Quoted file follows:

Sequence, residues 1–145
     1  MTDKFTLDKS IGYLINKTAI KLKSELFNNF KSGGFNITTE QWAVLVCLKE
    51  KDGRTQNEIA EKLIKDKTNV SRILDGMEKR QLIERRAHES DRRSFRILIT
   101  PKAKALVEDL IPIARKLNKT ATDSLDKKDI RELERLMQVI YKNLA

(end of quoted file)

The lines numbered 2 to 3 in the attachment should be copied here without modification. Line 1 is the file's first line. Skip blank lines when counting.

     1  MTDKFTLDKS IGYLINKTAI KLKSELFNNF KSGGFNITTE QWAVLVCLKE
    51  KDGRTQNEIA EKLIKDKTNV SRILDGMEKR QLIERRAHES DRRSFRILIT